Mako miyamoto

tales from the post-factual grassland

The term Americana is an ever evolving one since it combines basically everything which somehow defines the cultural heritage of the United Staes; a continuous stream of consciousness where the line between facts, fiction and dreams is a consciously blurry one, as there are no boundaries as to where it can go. The last decades in particular rumbled past with rapid speed since pop culture simply refuses to pause and take a deep breath even for a minute,  thereby adding a unique anything goes vibe to the classic Americana swag. Portland-based artist/photographer Mako Miyamoto is very much aware of that since he playfully draws from the full source of inspiration while marrying the absurd with the overall beautiful within a narrative where daredevils, Wookies, muscle cars and sci-fi drones form the next chapter of a universe he calls “Neon Werewolf“. Lodown hooked up with the very talented Mr. Miyamoto in early February.


“I have always been fascinated by the magic and beauty of film since I was a child. The locations, colors, and characters drew me into another place entirely; creating a world where anything was possible. Distant planetary systems, flying saucers, monsters under the bed, Bigfoot, the Bermuda Triangle, and falling off the edge of the world were a few of the things that mesmerized me growing up. As an adult, I have worked to recapture that magic of my youth and share that vision with the world. ...

I have been developing the Neon Werewolf universe over the past several years, and my last show “Further West“ was the most extensive exploration of that world. I've developed the world through stills on my Instagram, as well as through a choose your own adventure interactive film and digital experience around a character I created named Frank Aberdeen. The planning and pre-production before I shoot my first image can range from a few weeks to seven or eight months, which was the case for the “Further West“ show. I first work to establish the story, narrative, mood, and characters, then delve into the wardrobe, location, and lighting. After all of that is established and laid out, I'll finally head out and capture the story. ...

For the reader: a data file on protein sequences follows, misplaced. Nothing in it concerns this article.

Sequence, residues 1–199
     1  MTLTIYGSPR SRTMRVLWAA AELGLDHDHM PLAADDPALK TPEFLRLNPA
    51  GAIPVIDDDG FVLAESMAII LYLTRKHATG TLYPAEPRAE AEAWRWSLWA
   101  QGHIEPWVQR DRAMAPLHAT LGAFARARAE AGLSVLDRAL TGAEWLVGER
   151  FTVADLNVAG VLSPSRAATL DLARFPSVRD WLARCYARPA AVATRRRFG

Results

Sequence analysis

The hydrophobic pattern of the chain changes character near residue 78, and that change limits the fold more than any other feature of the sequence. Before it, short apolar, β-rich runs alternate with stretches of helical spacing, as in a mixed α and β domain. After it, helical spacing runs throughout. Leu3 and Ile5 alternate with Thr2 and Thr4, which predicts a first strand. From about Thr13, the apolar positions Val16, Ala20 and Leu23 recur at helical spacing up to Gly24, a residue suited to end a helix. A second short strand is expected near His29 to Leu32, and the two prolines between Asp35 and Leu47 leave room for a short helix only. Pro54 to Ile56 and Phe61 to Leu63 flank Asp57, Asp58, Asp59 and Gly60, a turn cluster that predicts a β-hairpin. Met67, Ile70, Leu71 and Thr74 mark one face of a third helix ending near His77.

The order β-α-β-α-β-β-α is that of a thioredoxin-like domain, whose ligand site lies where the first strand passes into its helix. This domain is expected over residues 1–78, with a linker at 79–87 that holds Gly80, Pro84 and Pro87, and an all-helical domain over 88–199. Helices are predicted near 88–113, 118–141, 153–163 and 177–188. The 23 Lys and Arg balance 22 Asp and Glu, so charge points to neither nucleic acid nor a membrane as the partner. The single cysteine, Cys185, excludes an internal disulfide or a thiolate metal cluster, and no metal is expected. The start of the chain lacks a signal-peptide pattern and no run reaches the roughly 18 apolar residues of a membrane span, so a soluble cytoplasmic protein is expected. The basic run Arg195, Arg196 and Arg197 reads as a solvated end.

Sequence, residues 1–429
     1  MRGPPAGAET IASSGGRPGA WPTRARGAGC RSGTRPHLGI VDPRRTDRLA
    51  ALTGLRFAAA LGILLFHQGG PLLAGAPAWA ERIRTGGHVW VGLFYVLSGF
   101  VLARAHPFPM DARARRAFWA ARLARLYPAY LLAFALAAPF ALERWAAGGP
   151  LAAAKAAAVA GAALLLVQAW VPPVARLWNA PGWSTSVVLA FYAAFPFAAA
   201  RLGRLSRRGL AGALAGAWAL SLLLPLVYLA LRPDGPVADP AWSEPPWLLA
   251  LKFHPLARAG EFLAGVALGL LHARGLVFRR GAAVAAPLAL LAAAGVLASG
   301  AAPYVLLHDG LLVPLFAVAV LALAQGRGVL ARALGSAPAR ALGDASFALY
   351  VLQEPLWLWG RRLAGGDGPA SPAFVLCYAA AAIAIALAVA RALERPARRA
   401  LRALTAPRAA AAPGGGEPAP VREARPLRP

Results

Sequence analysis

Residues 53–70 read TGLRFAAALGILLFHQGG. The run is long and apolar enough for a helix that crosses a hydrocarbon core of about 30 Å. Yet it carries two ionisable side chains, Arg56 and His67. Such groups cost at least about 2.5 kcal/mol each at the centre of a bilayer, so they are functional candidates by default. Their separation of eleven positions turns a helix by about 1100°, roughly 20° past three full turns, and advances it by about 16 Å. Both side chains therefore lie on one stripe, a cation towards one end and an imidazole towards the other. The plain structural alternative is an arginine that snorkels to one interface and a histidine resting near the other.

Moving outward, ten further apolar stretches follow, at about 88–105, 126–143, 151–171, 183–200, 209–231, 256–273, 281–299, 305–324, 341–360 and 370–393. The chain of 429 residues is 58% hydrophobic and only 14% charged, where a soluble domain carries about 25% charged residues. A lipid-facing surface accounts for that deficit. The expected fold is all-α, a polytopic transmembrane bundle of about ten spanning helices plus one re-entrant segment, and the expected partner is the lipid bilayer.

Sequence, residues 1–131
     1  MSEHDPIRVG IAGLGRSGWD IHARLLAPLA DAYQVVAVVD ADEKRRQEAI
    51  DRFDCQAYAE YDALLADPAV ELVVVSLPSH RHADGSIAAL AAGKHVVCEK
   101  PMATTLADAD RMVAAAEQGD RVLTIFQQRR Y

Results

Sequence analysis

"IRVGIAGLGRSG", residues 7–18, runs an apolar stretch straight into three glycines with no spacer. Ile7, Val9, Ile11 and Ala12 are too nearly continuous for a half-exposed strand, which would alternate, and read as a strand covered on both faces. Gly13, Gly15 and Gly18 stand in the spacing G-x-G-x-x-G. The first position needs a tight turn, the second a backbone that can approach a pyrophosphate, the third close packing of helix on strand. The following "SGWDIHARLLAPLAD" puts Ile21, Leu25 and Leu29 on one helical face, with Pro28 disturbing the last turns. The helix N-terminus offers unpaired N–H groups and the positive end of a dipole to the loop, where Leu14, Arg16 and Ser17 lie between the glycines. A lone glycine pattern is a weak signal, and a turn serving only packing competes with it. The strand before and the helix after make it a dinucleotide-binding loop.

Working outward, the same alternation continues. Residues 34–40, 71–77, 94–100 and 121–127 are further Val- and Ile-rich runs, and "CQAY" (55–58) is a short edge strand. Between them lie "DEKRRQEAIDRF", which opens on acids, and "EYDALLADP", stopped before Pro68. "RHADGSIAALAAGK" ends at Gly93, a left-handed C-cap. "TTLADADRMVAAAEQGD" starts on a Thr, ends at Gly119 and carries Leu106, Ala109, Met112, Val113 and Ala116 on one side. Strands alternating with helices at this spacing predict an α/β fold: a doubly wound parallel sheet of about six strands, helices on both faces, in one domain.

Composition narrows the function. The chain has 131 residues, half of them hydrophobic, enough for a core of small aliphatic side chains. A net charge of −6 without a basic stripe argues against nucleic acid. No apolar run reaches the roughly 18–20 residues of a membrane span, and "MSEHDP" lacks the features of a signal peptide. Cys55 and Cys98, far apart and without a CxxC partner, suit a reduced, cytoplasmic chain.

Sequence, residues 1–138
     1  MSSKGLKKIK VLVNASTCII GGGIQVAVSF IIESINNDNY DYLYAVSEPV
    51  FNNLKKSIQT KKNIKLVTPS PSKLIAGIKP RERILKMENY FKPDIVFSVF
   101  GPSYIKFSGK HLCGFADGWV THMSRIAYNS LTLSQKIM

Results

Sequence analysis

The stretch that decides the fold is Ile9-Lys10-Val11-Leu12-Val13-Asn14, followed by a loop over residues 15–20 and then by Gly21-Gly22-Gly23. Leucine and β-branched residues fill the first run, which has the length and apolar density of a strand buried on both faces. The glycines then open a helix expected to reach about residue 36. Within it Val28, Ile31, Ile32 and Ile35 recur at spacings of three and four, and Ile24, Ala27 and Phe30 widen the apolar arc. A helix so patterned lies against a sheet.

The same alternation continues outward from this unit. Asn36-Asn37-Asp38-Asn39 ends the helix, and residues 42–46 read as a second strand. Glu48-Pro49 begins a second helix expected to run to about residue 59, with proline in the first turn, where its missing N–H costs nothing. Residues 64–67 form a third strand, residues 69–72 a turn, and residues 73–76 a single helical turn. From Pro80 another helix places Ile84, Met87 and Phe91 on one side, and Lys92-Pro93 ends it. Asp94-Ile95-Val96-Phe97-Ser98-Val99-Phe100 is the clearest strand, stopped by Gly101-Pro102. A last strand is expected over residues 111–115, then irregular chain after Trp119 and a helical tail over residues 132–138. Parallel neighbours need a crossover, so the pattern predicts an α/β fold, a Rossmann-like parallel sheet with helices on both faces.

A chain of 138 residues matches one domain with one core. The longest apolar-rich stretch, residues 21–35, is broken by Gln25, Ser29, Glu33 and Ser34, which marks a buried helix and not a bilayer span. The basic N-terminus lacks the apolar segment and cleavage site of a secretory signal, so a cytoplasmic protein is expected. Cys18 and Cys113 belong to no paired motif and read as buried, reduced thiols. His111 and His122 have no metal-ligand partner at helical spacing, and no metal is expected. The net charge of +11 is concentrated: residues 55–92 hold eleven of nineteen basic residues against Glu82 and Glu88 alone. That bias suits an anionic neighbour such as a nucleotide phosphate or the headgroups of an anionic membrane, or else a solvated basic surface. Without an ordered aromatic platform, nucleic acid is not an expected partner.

Neon Werewolf emerged from a combination of my love of vivid color and the incredible mood and feelings it can evoke, and werewolves, which have always fascinated me... and I'm sure are lurking somewhere in the dark corners of the world. The merging of the two creates a juxtaposition that leaves the door open for an array of wildly different and bizarrely fantastic interpretations.
Working at creative bureau Roundhouse has been a huge inspiration for my creative projects. At Roundhouse I am surrounded by a group of extremely talented and brilliant people who have been inspiration for a lot of the parts and pieces of my work. From my nine years at the company I have had the opportunity to work with some truly gifted creatives, designers, and photographers, and from them have learned the skills and techniques that have allowed me to create the work I do.
I am currently working on a solo show at Stephanie Chefas Projects in Portland, Oregon that will open this upcoming November. For the show, I've been playing around the idea of incorporating stills and video with an interactive digital element... so stay tuned!“




words: Forty